A compressive ultrasound (TIFFA) examination between 18 and 22 weeks may be useful to determine the anatomy of the shared organs and to detect associated malformations which allow the parents to decide whether continue or not to continue the pregnancy.
The following ultrasound findings increase the probability that conjoined twins are present.
* The twins face each other.
* The heads are at the same level and plane.
* The thoracic cages are in unusual proximity.
* Both foetal heads are hyper extended.
* There is no change in the relative position of the foetuses with movement or in repeat examination obtained hours or days later. (1)
Repeated 2D & 3D ultrasound examination, MRI scanning are useful for anatomical determination of cardiac connections between the twins.
The outcome of conjoined twins is poor. Approximately 40% of them will be still born, 35% will die within one day after delivery, and the overall survival rate of conjoined twins is between 5-25%.
MANAGEMENT: Consultation with paediatric surgeon often facilitates parental decision making. Termination of pregnancy is an option when the heart or brain is shared because in these cases attempt to separate usually fail. In our case separation is not feasible due to single heart. Once diagnosis is made plans should be made of caesarean delivery unless there are special circumstances indicating the possibility of safe vaginal delivery. Surgical separation of nearly complete conjoined twins may be successful when organs essential for life are not shared. (3) The only hope of independent life is through surgical separartion. The first successful surgical separation of conjoined twins were achieved in 1953. Separation is feasible in Ischiopagus, Pygopagus, Omphalopagus, Parastic twins. Ideal time for separation at 9-12 months of age.
CONCLUSION: This is a rare disorder affecting one out of 200 monozygotic twins. The incidence of thoracopagus is 19%. TIFFA scan at 18-20 weeks helps to determine the shared organs and to detect malformation. Consultation with paediatric surgeon often facilitates parental decision making. In our case survival is not feasible due to single heart with A-V septal defect hence elective L.S.C.S. with sterilization done.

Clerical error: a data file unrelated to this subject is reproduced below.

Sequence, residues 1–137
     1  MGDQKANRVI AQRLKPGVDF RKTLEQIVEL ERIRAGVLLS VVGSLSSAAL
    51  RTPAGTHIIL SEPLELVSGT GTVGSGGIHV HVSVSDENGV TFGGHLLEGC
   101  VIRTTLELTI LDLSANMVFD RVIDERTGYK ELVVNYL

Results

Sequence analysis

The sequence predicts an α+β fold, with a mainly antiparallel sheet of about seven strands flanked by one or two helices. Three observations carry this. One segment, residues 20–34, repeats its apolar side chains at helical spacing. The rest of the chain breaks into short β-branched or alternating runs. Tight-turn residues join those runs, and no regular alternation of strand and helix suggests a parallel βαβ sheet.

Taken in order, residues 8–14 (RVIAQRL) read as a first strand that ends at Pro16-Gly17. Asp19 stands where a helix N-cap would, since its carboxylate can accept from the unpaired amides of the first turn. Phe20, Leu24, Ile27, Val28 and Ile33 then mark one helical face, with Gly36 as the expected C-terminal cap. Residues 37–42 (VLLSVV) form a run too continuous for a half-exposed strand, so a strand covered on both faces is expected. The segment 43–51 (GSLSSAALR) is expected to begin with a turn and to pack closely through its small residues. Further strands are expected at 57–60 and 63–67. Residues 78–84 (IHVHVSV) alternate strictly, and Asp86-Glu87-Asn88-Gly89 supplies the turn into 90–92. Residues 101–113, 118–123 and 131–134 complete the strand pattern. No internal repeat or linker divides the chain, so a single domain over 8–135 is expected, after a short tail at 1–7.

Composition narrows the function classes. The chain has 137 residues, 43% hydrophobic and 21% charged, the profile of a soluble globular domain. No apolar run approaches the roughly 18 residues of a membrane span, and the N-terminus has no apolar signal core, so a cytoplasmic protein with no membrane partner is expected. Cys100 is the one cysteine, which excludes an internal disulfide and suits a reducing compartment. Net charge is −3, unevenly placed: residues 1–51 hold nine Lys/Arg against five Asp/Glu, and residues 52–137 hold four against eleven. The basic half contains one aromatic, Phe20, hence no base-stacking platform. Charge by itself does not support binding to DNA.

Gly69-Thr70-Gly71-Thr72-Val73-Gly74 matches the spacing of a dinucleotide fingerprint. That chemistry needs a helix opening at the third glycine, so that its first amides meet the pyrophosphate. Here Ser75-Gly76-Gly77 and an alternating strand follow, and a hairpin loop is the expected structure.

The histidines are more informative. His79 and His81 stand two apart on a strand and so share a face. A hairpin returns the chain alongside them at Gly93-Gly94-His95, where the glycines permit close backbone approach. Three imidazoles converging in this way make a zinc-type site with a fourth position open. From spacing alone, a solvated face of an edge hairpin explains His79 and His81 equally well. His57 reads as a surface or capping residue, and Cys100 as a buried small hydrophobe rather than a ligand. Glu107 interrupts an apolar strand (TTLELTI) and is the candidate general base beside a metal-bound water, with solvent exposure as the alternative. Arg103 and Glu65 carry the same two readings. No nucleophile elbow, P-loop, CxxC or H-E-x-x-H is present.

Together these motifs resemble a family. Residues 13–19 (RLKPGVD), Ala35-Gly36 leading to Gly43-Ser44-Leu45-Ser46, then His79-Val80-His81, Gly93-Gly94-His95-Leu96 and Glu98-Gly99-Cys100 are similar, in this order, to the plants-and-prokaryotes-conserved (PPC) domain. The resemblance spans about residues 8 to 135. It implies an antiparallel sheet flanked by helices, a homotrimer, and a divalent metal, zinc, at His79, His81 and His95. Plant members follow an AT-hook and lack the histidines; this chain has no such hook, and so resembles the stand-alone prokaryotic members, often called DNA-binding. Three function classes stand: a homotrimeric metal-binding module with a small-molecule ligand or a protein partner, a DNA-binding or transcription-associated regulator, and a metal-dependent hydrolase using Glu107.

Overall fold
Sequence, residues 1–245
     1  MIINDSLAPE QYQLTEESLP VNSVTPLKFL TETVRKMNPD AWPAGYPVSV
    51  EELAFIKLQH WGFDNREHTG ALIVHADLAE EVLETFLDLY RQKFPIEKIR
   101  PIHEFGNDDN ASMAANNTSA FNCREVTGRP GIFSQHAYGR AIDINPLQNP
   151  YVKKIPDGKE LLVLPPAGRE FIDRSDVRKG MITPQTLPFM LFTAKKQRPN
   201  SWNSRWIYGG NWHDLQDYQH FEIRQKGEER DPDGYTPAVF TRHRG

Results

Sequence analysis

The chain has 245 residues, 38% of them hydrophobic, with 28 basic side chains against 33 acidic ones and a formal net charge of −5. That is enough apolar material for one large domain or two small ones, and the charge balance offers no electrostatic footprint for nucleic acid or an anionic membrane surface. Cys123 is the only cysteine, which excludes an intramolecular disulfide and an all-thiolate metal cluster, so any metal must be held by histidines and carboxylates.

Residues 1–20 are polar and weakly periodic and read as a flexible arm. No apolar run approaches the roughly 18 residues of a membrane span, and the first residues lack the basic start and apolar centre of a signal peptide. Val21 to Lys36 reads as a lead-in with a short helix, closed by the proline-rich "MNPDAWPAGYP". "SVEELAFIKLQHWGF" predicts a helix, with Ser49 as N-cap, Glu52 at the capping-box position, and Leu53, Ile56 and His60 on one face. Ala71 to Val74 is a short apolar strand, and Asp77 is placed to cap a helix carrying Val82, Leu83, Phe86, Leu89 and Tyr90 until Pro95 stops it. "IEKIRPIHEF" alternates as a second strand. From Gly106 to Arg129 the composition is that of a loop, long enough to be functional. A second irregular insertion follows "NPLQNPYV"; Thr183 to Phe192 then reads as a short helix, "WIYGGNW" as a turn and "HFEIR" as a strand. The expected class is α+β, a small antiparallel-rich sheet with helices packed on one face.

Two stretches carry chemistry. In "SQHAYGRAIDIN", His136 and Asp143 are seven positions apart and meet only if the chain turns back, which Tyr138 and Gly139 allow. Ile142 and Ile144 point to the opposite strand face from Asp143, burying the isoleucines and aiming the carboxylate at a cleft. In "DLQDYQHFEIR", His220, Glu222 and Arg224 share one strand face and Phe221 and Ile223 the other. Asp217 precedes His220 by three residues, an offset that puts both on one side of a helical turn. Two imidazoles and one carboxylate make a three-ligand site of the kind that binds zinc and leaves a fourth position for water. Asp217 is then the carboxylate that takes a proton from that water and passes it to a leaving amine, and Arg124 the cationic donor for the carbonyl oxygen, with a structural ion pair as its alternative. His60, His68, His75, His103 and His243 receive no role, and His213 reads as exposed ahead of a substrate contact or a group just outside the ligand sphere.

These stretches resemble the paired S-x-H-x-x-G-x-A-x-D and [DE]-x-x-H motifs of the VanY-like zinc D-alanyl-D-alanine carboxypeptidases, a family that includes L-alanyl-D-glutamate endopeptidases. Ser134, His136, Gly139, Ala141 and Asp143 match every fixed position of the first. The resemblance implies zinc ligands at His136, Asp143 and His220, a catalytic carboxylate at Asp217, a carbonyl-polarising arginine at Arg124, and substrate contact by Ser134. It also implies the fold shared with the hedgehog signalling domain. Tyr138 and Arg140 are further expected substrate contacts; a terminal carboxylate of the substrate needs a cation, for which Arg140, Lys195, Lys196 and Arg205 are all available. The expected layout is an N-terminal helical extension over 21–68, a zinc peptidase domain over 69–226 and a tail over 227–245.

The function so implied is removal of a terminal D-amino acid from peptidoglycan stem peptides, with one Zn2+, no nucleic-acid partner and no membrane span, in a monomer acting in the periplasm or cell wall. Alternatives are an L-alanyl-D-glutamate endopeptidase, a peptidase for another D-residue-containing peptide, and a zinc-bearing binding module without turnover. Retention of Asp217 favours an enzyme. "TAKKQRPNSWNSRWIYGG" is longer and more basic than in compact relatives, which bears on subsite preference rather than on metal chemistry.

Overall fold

(1.) Fernando Arias, Practical guide to high--risk regency & delivery, 3rd Edition, Shirish N. daftary, Amarnath G. bhide 2008 Elsevier, Noida, U.P India, Pg. 306-307, Chapter 12
(2.) Cunningham, MacDonald, Gant leveno et al. Williams obstetrics. 20th Edition J. Whitridge Williams 1996 United States of America, pg 875, Chapter 38
(3.) Kapoor Mridula, Sachdev neerja, Agrawal Monica, Conjoined twins Case Report The journal of obstetrics and gynaecology of India, Jan-Feb 2013, vol-63(1), 70-71.
N. Uma , D. Hemalathadevi , Ch. Sailaja , G. Rajalaxmi , Samyuktha 
[1.] N. Uma
[2.] D. Hemalathadevi
[3.] Ch. Sailaja
[4.] G. Rajalaxmi
PARTICULARS OF CONTRIBUTORS:
[1.] Associate Professor, Department of Obstetrics & Gynaecology, Andhra Medical College.
[2.] Associate Professor, Department of Obstetrics & Gynaecology, Andhra Medical College.
[3.] Assistant Professor, Department of Obstetrics & Gynaecology, Andhra Medical College.
[4.] Assistant Professor, Department of Obstetrics & Gynaecology, Andhra Medical College.
[5.] Post Graduate Student, Department of Obstetrics & Gynaecology, Andhra Medical College.
FINANCIAL OR OTHER COMPETING INTERESTS: None
NAME ADDRESS EMAIL ID OF THE CORRESPONDING AUTHOR:
Dr. N. Uma, Flat No. 501, Shyam Vihar, Behind Karnataka Bank, Santhipuram, Visakhapatnam-530016, Andhra Pradesh.
Date of Submission: 11/03/2015. Date of Peer Review: 12/03/2015. Date of Acceptance: 25/03/2015. Date of Publishing: 06/04/2015.
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|Title Annotation:||CASE REPORT|
|Author:||Uma, N.; Hemalathadevi, D.; Sailaja, Ch.; Rajalaxmi, G.; Samyuktha|
|Publication:||Journal of Evolution of Medical and Dental Sciences|
|Article Type:||Clinical report|
|Date:||Apr 6, 2015|